Abstracts are now open for the 5th International Conference on Cybercrime and Computer Forensics (ICCCF).
The theme of the 2017 conference is ‘Cybercrime Research, Policy and Practice: The Collaboration Imperative’.
The massive increase in technological developments in personal computing, smart phone and wireless devices in recent years has created significant challenges in the Asia-Pacific region and beyond. This important conference will explore the expansion of technology-enabled crimes and how collaboration can inform technological, legal and policy responses internationally.
- 23 January – Abstract submissions open
- 23 January – Registrations open
- 17 March – Abstract submissions close
- 30 May – Early bird registration closes
- 16 July – Welcome reception
- 17-18 July – ICCCF Conference
Abstracts can address any relevant questions within this broad theme and presenters should choose to present in one of two streams:
- Research and policy
- Practice and technology
a) Research and policy – Examples of research issues within these streams include:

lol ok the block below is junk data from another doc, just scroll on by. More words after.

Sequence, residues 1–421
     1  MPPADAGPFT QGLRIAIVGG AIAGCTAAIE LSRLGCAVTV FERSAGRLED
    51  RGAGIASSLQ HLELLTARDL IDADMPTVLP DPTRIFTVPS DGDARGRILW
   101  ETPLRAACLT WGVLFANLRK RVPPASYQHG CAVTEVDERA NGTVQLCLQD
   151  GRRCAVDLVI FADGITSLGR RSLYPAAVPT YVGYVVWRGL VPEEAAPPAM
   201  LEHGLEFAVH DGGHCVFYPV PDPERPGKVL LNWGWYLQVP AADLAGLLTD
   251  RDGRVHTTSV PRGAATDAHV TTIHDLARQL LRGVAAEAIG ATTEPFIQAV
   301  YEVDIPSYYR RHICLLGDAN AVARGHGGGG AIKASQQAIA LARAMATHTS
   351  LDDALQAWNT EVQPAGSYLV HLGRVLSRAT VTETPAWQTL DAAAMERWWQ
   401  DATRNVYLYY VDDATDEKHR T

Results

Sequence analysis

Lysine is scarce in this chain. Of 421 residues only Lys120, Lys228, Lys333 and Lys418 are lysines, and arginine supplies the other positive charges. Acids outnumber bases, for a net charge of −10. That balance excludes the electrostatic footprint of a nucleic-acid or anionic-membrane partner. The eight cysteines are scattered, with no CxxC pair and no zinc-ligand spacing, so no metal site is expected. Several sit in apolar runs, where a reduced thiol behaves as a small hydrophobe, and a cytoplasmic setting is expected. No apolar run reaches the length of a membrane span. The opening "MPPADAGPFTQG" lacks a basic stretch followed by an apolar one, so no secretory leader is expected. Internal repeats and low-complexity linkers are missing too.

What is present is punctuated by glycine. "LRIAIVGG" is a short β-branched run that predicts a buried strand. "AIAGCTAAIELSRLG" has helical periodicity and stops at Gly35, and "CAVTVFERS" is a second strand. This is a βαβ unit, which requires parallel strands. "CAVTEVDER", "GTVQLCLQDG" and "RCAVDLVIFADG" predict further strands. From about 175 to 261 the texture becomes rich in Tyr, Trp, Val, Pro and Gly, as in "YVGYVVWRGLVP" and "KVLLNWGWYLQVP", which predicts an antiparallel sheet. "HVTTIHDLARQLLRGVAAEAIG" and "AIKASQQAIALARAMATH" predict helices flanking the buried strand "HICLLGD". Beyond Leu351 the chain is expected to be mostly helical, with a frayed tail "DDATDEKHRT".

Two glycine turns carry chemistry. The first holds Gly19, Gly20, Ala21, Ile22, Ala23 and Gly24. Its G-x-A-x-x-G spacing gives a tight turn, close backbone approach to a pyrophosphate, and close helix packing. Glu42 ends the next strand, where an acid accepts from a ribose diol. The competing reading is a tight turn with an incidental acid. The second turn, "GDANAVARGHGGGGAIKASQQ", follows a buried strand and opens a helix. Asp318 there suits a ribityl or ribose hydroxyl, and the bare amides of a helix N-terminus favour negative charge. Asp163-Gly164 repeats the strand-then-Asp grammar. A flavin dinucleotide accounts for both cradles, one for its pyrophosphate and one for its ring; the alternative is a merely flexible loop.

Results of cybercrime research and discussion of related policy issues, including:
- Personal information, privacy and identity misuse
- Intellectual property regulation
- Illegal content in cyberspace
- Online dishonesty
- Regulating the internet of things
- Sentencing cyber criminals
b) Practice and technology
Practical issues and technology affecting cybercrime and its prevention and regulation, such as:
- Computer and mobile forensics
- Resource allocation within law enforcement
- Cyber intelligence sharing
- Data sharing across networks
- Cloud security
- Biometric authentication
- Cyber crime prevention software
Abstracts must be submitted using the form available on www.icccf2017.com.au and should not exceed 300 words.
The abstract should outline the background, aims and content of the presentation. Abstracts related to research studies should include sections describing the methods, results and conclusions of the study.